Two South Florida cruise lines began running new ads on Monday, hoping to raise their profile as travelers start to decide where to vacation in 2008.
Carnival Cruise Lines is refreshing its long-standing “Fun” theme with a trio of 30-second ads set to music from the 1970s rock band Queen. And Norwegian Cruise Line has six new ads that tout its informal atmosphere and bend-the-rules approach to traditional cruise activities.
Up to 35 percent of cruises are bought within the first month or six weeks of the year, a key sales window for the industry, which is based largely in South Florida. Carnival said in a conference call for investors last month that bookings for 2008 appear to be ahead of the pace of 2007.
Carnival didn’t reveal the value of the media time it is buying to launch the new ads, developed by Coral Gables ad shop CooperDDB, other than to say it was a multimillion-dollar campaign. The ads will appear on network and cable TV. One of the new spots can be viewed at www.carnival.com/promo/tv.
All three ads will be pegged to a lyric in the 1975 Queen song, You’re My Best Friend. Each is aimed at a key demographic market such as multigenerational travelers, families and romantic couples.
In the family ad, a pair of dolphins appears to leap out of the atrium of one of Carnival’s ships and splash down into a lagoon. A shot of children petting the dolphin draws a warm reaction from approving parents and a child shoots down the inside of one of Carnival’s twisting super slides. “See a big new world through little eyes,” says the voice-over narration.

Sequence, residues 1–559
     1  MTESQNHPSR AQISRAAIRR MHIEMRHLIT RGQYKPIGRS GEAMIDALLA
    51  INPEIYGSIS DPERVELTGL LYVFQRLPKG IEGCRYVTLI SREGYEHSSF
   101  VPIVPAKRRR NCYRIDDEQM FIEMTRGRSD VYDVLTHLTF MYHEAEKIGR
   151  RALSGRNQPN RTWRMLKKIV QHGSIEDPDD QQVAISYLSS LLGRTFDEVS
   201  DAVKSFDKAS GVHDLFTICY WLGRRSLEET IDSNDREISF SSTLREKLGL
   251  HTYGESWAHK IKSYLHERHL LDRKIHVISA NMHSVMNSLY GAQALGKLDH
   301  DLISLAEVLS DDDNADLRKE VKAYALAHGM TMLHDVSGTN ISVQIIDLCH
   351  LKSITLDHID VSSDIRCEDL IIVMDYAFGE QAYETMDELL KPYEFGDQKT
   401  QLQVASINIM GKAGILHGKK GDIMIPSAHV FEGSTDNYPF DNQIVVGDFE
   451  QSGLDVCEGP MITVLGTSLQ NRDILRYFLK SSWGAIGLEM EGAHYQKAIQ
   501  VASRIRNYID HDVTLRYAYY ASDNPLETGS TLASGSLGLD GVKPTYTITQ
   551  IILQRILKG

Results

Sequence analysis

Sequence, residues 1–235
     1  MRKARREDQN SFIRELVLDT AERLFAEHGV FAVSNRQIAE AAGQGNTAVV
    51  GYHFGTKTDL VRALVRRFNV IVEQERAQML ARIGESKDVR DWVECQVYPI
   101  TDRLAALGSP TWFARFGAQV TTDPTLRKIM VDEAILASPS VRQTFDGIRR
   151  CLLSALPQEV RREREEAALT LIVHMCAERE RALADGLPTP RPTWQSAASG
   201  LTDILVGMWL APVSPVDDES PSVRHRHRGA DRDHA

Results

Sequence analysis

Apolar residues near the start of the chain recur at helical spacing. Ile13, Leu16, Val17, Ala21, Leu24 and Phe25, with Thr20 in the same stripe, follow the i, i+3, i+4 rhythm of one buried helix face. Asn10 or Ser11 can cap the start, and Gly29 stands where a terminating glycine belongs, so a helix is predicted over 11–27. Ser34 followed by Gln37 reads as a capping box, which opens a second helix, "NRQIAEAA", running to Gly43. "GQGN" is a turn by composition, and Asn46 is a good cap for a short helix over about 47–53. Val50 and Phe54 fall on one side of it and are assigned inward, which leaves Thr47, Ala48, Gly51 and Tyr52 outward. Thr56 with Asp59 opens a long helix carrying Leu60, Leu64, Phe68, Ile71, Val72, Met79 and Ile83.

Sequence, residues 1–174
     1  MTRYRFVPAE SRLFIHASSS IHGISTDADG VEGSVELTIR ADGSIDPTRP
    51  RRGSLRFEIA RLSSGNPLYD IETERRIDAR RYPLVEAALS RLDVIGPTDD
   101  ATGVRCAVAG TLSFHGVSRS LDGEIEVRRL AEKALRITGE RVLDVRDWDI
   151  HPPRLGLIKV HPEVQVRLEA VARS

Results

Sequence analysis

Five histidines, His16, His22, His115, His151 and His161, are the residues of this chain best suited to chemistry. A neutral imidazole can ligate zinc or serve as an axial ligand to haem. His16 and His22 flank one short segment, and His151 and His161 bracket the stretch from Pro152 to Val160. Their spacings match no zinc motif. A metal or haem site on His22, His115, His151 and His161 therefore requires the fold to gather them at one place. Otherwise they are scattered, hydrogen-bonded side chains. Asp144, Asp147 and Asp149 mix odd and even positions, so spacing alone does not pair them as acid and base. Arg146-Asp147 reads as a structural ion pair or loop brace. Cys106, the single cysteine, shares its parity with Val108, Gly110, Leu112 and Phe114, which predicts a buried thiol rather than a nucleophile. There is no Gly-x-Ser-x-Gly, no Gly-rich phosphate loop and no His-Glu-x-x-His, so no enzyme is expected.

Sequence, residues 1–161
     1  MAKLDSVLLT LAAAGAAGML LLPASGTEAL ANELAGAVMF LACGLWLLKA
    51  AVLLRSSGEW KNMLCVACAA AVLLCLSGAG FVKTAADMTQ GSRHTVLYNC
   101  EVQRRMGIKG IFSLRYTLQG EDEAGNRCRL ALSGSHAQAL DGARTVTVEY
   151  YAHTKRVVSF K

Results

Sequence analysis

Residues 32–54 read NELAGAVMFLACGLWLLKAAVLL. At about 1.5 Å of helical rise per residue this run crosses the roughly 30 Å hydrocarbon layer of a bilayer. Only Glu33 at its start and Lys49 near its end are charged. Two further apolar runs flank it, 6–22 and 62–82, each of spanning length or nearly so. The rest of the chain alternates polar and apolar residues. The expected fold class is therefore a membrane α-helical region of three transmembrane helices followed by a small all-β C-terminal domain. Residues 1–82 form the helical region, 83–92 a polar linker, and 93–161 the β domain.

The campaign “truly captures the essence of our brand in an entertaining and creative way,” said Ruben Rodriguez, Carnival’s executive vice president of marketing. It is the first new campaign since the retirement of former Carnival President Bob Dickinson, who developed the “Fun Ship” concept in the 1970s.
In addition to television, Carnival will have new print ads built around the “Let the Fun Begin” slogan and anchored with a wave-like framing device. NCL Corp.’snew ads include one in which an overbearing salesman regales his dinner table with tales of a business triumph in Las Vegas. The ad contrasts the formal dinner where cruisers are sometimes seated with strangers, to Norwegian’s Freestyle Cruising model, which features a variety of open dining options.
Last year, Apollo Management LP agreed to buy a 50 percent stake in NCL, the third-largest line behind Carnival and Royal Caribbean. On Monday, NCL said the $1 billion deal had closed.